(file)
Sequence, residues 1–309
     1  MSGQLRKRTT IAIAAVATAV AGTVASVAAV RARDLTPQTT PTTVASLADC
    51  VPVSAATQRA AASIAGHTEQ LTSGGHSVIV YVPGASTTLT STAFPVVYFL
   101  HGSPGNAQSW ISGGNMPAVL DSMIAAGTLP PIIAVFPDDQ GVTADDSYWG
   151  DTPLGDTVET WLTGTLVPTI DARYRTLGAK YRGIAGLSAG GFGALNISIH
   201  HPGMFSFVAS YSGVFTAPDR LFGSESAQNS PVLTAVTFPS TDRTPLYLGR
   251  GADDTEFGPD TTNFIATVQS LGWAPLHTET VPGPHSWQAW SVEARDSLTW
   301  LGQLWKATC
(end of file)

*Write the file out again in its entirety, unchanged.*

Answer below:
Sequence, residues 1–309
     1  MSGQLRKRTT IAIAAVATAV AGTVASVAAV RARDLTPQTT PTTVASLADC
    51  VPVSAATQRA AASIAGHTEQ LTSGGHSVIV YVPGASTTLT STAFPVVYFL
   101  HGSPGNAQSW ISGGNMPAVL DSMIAAGTLP PIIAVFPDDQ GVTADDSYWG
   151  DTPLGDTVET WLTGTLVPTI DARYRTLGAK YRGIAGLSAG GFGALNISIH
   201  HPGMFSFVAS YSGVFTAPDR LFGSESAQNS PVLTAVTFPS TDRTPLYLGR
   251  GADDTEFGPD TTNFIATVQS LGWAPLHTET VPGPHSWQAW SVEARDSLTW
   301  LGQLWKATC